By TERRY LAKINS, Student Life Editor

The Social Justice League is a student organization that focuses on social equality and fighting social injustices. The SJL is defined for lacking a traditional hierarchy associated with most student organizations and for adapting transformative methods for solving issues. Fiana Arbab, the president of the organization, said that members of the SJL strive to achieve things by making sure everyone’s voice is heard and to look at things from every unique and diverse perspective.

“Social Justice League is a platform for passionate human beings to make a change in their community and in the world,” Arbab said. “We work with the underlying belief of social justice and social equality.”

Arbab said that members meet weekly on Wednesday from 1-2 p.m. and 5-6 p.m. During these meetings any timely social issues, ongoing projects and proposed ideas are discussed. Some common social issues that are talked about include feminism, classism, racism and colonialism.

Arbab said that outside of their regular weekly meetings, the SJL lacks a defined structure and the organization works depending on which issues or social injustices are happening at that time. Arbab said the reason the SJL does this is because she feels any good social movement has to have flexibility and you don’t get that when you run with a bureaucratic or hierarchical system. She also said a standard hierarchy doesn’t allow good opportunities to hear every perspective or new ideas.

“We do not adhere to the bureaucratic or hierarchy system that is in every other organization, big or small,” Arbab said. “Although I am president, sometimes I forget that I am because I don’t run it like I’m in charge.”

Arbab said when the SJL finds a social issue, they apply a number of concepts that could possibly work, depending on the situation. One method is the legal system, where members will meet with city council members and community leaders to bring about some kind of change. An example of this, Arbab said, is the Syrian refugee crisis. Members will counteract racism by declaring public support for the refugees and will get a city to agree to receiving them by gaining support from its community leaders. Arbab said this helps fight against racist attitudes and links the issue to racism in a non-confrontational way.

Another method the SJL uses is protesting, which is a direct action. Arbab said during protests they always organize a series of statements to the people they want to change, the people who are impacted and the general public. The reason for this is to make sure the message the SJL is trying to send doesn’t get corrupted or lost in translation.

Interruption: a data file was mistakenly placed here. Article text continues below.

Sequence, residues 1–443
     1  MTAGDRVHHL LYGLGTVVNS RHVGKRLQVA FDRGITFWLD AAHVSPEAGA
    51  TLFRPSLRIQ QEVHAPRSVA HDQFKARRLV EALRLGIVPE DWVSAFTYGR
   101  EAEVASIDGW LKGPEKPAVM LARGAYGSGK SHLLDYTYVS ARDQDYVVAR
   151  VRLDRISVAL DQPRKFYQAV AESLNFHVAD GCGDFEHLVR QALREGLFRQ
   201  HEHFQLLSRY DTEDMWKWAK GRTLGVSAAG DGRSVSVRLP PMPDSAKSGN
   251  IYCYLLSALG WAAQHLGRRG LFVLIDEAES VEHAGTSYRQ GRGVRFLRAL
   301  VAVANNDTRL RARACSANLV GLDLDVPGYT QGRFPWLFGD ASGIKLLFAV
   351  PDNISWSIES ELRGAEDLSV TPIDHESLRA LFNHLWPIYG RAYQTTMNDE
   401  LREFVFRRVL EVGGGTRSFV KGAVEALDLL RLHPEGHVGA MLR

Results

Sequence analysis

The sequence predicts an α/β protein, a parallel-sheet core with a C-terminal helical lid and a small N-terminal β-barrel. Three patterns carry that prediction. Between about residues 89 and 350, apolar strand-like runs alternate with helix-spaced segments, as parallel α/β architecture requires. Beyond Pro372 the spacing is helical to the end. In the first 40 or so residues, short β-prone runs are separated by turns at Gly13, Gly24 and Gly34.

Another method is relational building, which could occur either on its own or after protesting. She said building relationships with the community, in and outside of the issue they are fighting, is crucial. Arbab said this is important because showing solidarity and interacting with residents and community members is important to find common ground, keeping everyone on the same page and building friendships. An example of this, Arbab said, is volunteering for disturbing water at the Sylvester Broome Center for the residents of Flint due to the water crisis. She said they were able to interact with the residents and really get an understanding of their issues. She also said they are going to help strategize the implementation of an educational program for kids and adults alike to help the residents of Flint.

Despite having set concepts and ideas for fighting social injustice, Arbab said that their methods are always changing and expanding.  

“We always work from a place of compassion and understanding,” Arbab said. “We are always mindful, respectful and we believe in a transformative solution.”

Arbab said that fighting for social justice can be difficult, especially when going up against institutions, traditions, concepts and ideas that have become normalized in society. She also said getting people to understand what they are fighting against is just as hard.

“We may be combating such abstract concepts, but we are trying make people understand the justice we seek,” Arbab said. “The more voices we include, the more effective ways we can get to sustainable solutions.”

Arbab said at least once a month the SJL will hold a potluck at a designated member’s house where everyone brings a dish to share and members just hang out to take a break from fighting for social justice. Arbab also said that despite the idea of relaxing, social issues may still be addressed.

Michael Mchahwar, a member of the SJL, said that being a part of this organization has become a big part of his college experience at the University of Michigan.

“The social justice league is like family to me on a personal level,” Mchahwar said. “On a bigger scale, it means to inspire change socially and other people to do the same.”

Anyone interested in joining can contact Arbab at